Genome editing: Call for new EU legislation

Germany and EU should help to shape bio-innovations

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17.09.2018 -

On 25 July 2018, the European Court of Justice clearly ruled that new products created by using CRISPR and similar techniques must go through the time-consuming approval process prescribed under EU genetic engineering legislation. However, regardless of this, genome editing technologies are developing rapidly on an international level. The German Bioeconomy Council proposes a more differentiated assessment of the technologies and calls upon policy-makers to modernise genetic engineering legislation. Otherwise, Germany would remain out in the cold in this "biological revolution" and would have no say in shaping the necessary international regulations.

The German Bioeconomy Council is convinced that genome editing will catalyse important innovations in the bioeconomy. Prof. Christine Lang, Co-Chair of the Bioeconomy Council observes a breakthrough of these technologies in science and commerce: "Throughout the world, we are already seeing the development of new medicines, climate-compatible and resilient crops, health-promoting foodstuffs and environmentally friendly production methods using CRISPR and the like."

Her Co-Chair on the Council, Prof. Joachim von Braun, adds: "The bioeconomy can and must make a significant contribution to the Sustainable Development Goals. Germany supports measures to improve global nutrition and to foster equality of opportunity, climate protection and nature conservation. Its contribution to these goals will primarily lie in innovations, which can also be used internationally."

However, the solution cannot be to give blanket approval to the new technologies. In its position statement, the Council also refers to the risks of excessively rapid or uncontrolled proliferation of such technologies. "In its current form, EU genetic engineering legislation cannot do justice to the opportunities and challenges of the technologies. We need an amendment to bring it in line with advances in the field. It is important to have a regulation that distinguishes between mutations and gene transfers and provides for risk-oriented approval and release procedures," says Prof. Christine Lang, summing up the requirements.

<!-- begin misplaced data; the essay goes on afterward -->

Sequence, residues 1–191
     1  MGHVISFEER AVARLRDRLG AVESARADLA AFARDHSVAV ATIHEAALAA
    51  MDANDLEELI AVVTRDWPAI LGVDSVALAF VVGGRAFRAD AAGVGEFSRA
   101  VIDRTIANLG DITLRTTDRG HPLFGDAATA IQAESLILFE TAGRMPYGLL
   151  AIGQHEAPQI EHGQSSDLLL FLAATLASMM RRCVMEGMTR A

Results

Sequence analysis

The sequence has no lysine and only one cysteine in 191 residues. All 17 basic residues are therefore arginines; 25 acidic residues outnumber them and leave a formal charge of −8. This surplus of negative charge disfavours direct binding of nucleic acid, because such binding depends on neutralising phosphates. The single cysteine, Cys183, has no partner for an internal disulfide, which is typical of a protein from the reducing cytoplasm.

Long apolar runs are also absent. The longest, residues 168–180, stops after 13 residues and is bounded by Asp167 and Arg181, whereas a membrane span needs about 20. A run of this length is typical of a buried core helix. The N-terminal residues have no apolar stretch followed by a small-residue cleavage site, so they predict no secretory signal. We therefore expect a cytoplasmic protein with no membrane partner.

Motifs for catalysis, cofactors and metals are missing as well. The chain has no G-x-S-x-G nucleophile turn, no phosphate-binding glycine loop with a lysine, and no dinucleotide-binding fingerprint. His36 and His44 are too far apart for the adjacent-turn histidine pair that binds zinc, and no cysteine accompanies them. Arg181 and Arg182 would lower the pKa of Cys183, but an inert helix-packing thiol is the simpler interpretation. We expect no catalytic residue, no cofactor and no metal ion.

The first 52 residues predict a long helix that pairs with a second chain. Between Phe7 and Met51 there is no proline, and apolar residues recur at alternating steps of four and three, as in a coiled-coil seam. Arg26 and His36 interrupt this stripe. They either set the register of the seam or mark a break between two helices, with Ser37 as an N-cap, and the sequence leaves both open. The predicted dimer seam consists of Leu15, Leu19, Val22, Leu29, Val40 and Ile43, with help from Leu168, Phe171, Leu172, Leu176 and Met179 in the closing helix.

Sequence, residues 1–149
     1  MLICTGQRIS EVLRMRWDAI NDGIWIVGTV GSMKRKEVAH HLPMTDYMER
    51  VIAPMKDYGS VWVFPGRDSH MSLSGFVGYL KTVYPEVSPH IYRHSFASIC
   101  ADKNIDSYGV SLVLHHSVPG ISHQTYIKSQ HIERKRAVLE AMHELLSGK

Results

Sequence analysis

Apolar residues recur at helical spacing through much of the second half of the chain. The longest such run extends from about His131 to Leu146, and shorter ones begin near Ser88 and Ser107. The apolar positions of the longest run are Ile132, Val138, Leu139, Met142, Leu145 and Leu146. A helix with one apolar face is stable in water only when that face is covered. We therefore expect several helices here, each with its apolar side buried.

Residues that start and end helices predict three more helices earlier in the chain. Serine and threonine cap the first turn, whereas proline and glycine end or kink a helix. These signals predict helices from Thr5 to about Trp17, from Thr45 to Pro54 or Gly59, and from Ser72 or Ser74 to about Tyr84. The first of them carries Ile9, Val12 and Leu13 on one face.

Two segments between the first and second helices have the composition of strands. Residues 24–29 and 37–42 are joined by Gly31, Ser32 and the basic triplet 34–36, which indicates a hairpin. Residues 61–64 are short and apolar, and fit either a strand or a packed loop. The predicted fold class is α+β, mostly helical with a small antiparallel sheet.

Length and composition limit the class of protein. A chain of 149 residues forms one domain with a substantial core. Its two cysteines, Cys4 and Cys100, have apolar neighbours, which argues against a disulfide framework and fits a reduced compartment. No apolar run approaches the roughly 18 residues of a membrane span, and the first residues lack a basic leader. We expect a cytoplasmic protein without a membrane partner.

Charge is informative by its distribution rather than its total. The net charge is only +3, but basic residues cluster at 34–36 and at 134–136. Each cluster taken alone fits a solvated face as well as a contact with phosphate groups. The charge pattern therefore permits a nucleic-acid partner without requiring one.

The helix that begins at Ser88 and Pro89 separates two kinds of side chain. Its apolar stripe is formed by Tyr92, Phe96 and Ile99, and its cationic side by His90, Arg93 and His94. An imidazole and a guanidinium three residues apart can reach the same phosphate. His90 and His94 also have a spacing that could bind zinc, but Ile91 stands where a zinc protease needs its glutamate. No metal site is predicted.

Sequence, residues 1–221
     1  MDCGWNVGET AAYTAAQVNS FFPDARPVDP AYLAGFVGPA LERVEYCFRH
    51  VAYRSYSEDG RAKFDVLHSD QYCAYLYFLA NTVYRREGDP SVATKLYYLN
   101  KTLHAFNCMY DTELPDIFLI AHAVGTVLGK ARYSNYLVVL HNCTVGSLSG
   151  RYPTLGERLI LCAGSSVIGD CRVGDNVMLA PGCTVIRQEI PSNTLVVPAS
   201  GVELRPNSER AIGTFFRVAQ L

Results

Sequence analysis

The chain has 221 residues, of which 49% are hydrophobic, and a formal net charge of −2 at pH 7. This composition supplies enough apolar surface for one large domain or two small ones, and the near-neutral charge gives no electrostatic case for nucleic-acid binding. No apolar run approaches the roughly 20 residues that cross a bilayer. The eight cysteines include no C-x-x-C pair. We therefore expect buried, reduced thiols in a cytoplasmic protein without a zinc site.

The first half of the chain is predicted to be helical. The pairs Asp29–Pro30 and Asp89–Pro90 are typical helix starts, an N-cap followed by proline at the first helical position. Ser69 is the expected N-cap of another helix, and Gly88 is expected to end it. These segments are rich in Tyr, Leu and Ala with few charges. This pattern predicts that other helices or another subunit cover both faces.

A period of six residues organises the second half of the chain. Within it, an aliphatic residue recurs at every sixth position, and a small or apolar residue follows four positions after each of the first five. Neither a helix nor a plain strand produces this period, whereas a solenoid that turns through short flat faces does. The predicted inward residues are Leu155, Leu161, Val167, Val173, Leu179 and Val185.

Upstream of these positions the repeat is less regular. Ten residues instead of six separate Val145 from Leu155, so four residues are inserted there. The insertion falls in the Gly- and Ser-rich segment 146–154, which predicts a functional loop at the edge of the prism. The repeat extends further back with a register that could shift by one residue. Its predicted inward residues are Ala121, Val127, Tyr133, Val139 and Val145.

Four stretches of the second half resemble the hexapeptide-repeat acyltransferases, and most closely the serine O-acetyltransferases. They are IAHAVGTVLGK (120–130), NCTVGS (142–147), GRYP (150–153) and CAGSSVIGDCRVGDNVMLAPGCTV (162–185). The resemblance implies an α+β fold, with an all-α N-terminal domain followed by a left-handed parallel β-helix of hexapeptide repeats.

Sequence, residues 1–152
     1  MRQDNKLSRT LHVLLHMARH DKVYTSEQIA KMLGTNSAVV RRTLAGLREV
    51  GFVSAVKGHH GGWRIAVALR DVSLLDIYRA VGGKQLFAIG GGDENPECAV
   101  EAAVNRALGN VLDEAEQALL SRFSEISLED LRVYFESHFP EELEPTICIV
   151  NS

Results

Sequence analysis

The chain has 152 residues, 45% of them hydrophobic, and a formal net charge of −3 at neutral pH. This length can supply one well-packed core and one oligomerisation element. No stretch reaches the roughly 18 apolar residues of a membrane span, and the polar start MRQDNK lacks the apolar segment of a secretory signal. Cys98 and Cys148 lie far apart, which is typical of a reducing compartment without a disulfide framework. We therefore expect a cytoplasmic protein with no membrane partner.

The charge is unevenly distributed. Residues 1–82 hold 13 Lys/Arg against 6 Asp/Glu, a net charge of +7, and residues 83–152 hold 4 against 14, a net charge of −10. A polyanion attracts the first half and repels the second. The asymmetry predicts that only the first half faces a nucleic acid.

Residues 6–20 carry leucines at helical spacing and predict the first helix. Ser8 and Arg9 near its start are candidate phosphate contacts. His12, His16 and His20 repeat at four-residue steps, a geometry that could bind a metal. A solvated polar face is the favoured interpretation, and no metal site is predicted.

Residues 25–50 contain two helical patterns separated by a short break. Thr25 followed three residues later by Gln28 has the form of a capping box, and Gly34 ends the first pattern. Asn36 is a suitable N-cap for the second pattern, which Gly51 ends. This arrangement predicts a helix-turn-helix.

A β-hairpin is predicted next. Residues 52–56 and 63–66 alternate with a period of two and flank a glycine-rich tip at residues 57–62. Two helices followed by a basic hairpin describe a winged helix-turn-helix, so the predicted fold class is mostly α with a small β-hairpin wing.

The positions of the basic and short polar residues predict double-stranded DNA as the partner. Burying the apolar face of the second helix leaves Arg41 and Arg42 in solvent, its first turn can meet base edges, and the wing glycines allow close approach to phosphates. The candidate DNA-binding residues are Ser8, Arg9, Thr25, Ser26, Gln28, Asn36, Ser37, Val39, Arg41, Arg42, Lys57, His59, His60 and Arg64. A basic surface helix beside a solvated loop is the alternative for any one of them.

The new Council recommendations suggest guidelines for amending the legislation plus specific accompanying measures:

--> Legislation that is more suited to the many different applications of the new technologies, from simple mutations right through to complex genome editing, and their different risk assessments; for example, graduated licensing and approval procedures for different classes of risk.

--> Official registration and monitoring of Good Practice in commercial and academic applications of genome editing technologies.

--> In view of international trade and global supply chains, mandatory product labelling is not sensible, since modifications cannot always be scientifically or technically detected or proven. In order to promote consumer information and transparency, the infrastructure for voluntary certification (e.g. "GMO-free") should be strengthened.

--> Public research funding must be increased for applications of high social relevance.

--> Similarly, it is necessary to fund accompanying research, especially into the potential impacts upon biodiversity and also social and economic developments (e.g. ethics, patenting).

--> It is necessary to develop new forms of dialogue for a constructive social debate.

--> International exchange and collaboration must be intensified, in order to guarantee greater transparency and regulatory harmonisation.

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